O’Shea died in 1956 aged 59 and since then there have only been 4 winemakers at Mt Pleasant: Brian Walsh (1956-78), Phillip Ryan (1978-2012), Jim Chatto (2013 - 2018, after which he become group winemaker for McWilliams) and Adrian Sparks (2018-present).
It was O’Shea who was one of the first to recognise the potential of Hunter Semillon as a long-lived single varietal wine and it was he in 1946 who planted the now famous Lovedale Vineyard. The 31ha vineyard is located in the Pokolbin area and produces some of the most highly regarded Semillons from the Hunter.
The wine is rated ‘Excellent’ in the Langton’s Classification of Australian Wine, where it’s described as: “One of the region’s great wine styles. Early picked and cool vinified, the wine is tightly concentrated and austere with floral lemon curd aromatics, a core of sweet fruit and strong, assertive acid cut. Bottle ageing under screwcap enables the wine to develop into something special. The colour deepens to gold and toasty, lanolin characters develop as richness and flavour complexity emerge.”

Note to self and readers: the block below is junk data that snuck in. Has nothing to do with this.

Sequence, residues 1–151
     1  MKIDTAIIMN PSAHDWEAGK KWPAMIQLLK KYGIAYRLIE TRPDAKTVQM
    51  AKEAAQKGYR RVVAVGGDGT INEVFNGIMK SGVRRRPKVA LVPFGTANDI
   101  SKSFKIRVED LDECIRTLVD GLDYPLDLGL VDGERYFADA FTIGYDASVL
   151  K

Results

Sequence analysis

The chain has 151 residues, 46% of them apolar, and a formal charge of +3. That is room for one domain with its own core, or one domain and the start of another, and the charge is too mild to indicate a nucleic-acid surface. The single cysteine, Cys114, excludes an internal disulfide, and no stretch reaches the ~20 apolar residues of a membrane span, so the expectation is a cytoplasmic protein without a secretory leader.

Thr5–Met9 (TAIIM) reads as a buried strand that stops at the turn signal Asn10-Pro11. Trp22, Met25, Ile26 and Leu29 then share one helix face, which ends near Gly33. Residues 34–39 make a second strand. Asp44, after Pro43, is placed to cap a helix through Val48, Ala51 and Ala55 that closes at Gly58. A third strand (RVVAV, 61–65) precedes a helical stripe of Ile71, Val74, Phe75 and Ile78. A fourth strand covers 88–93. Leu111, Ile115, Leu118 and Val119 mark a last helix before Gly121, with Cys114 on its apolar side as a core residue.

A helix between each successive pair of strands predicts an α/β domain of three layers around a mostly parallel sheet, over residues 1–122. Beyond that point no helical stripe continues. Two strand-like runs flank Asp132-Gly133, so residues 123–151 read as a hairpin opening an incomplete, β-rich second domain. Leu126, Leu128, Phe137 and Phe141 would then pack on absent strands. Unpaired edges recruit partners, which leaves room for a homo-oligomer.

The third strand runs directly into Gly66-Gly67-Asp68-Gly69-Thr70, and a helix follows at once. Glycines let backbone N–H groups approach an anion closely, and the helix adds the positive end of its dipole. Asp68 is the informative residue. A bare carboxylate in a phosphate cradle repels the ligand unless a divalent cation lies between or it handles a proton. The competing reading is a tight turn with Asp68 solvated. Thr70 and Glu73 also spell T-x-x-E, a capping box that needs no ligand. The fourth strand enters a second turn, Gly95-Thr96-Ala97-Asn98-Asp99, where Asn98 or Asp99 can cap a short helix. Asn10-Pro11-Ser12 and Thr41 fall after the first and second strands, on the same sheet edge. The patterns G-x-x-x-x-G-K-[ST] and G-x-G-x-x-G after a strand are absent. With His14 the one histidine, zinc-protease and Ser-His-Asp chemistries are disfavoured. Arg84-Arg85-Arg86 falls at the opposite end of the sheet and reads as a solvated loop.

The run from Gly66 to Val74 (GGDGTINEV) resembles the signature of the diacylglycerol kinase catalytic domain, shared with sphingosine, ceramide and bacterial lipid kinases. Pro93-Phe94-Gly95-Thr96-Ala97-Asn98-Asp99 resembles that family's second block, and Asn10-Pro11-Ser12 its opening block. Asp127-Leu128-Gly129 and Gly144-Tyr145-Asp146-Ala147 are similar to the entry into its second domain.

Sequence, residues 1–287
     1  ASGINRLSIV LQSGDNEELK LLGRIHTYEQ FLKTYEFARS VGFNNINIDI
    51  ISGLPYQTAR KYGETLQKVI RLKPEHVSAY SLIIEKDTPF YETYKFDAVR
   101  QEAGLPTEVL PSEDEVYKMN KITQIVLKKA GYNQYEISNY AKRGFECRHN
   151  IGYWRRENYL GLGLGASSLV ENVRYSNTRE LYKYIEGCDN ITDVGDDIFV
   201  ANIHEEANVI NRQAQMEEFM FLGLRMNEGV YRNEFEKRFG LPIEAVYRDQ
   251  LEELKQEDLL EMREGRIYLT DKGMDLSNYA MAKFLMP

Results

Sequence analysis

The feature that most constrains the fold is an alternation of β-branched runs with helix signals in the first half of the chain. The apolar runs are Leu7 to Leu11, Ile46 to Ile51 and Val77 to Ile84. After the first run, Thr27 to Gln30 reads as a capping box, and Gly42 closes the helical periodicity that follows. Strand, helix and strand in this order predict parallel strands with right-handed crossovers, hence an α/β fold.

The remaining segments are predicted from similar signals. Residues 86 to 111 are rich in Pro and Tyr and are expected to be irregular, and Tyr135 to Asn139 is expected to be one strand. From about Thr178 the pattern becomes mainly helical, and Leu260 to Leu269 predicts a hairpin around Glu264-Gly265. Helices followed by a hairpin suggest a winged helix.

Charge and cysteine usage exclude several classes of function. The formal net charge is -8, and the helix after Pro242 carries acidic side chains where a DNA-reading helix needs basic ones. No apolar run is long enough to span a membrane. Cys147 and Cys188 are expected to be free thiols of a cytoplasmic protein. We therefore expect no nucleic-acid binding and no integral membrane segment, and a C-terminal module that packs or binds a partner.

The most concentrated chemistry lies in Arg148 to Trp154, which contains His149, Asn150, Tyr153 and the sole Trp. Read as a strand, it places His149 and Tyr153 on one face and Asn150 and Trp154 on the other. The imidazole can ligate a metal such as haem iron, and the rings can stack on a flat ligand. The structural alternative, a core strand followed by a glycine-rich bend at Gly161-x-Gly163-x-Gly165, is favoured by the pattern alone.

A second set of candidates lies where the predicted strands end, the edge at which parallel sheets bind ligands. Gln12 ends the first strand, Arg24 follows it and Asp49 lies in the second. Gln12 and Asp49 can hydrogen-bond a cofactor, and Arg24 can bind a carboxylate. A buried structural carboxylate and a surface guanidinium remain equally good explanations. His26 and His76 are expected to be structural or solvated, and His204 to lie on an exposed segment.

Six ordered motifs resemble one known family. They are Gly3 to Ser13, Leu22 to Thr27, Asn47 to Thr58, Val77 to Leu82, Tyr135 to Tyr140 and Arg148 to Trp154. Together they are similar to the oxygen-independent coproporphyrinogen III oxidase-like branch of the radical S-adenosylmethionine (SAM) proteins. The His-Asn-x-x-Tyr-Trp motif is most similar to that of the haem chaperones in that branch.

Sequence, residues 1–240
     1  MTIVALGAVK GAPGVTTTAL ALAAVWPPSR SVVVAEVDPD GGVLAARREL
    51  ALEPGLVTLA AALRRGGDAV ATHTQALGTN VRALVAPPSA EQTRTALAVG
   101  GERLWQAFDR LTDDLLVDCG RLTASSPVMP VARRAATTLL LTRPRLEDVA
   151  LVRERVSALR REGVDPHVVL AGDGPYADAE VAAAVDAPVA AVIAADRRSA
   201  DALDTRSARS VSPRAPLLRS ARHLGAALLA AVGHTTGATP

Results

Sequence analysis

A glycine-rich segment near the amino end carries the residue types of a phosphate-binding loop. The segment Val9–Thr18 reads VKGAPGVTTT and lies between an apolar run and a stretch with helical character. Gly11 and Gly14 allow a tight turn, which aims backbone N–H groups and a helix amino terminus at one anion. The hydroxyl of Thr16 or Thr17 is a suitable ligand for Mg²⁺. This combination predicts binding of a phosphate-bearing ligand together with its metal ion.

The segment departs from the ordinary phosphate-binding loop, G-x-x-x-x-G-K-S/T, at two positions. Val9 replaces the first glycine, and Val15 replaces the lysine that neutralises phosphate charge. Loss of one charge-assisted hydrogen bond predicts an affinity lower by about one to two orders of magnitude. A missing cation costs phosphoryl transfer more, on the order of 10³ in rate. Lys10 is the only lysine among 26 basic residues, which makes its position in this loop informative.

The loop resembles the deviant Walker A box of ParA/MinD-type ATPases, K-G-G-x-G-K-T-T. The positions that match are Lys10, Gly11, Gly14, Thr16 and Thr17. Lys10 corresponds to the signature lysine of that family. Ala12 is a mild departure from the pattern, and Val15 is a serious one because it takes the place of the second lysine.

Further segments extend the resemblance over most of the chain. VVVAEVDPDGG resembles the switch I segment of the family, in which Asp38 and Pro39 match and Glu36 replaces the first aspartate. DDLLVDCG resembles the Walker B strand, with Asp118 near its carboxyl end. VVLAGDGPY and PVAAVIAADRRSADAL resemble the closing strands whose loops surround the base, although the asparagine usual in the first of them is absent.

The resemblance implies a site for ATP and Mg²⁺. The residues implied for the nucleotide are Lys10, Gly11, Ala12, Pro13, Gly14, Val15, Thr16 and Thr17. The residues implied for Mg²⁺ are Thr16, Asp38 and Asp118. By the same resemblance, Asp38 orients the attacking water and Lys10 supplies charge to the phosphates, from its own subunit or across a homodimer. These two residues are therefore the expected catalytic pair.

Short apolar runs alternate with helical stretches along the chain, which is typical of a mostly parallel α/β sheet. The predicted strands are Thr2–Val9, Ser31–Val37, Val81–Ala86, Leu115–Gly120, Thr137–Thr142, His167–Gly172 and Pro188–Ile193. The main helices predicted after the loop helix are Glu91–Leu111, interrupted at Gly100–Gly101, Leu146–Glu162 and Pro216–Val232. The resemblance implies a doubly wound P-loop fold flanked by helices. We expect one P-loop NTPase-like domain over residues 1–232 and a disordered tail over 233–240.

Mt Pleasant has received so many accolades it’s hard to know where to start. James Halliday named it Australia’s Top winery in 2017, a year in which he rated 7 of their Shiraz between 97-99 points and 3 of their Semillon over 95 points. Incredible. Not surprisingly, Halliday refers to the estate as “iconic”.
"As if by alchemy, aged semillon slips into a waxy realm of toast, buttery brioche and lime marmalade without its acidity wavering. This certainly has freshness and plenty of years ahead of it,” 96 points, James Halliday Wine Companion. The wine is 10.5% alcohol and secured with screwcap.
Mt Pleasant Lovedale Semillon is an exceptional expression of the Hunter and with 6 years age on it, this is a joy to drink now, but will reward long term cellaring.
I can offer it for $69 a bottle. Order here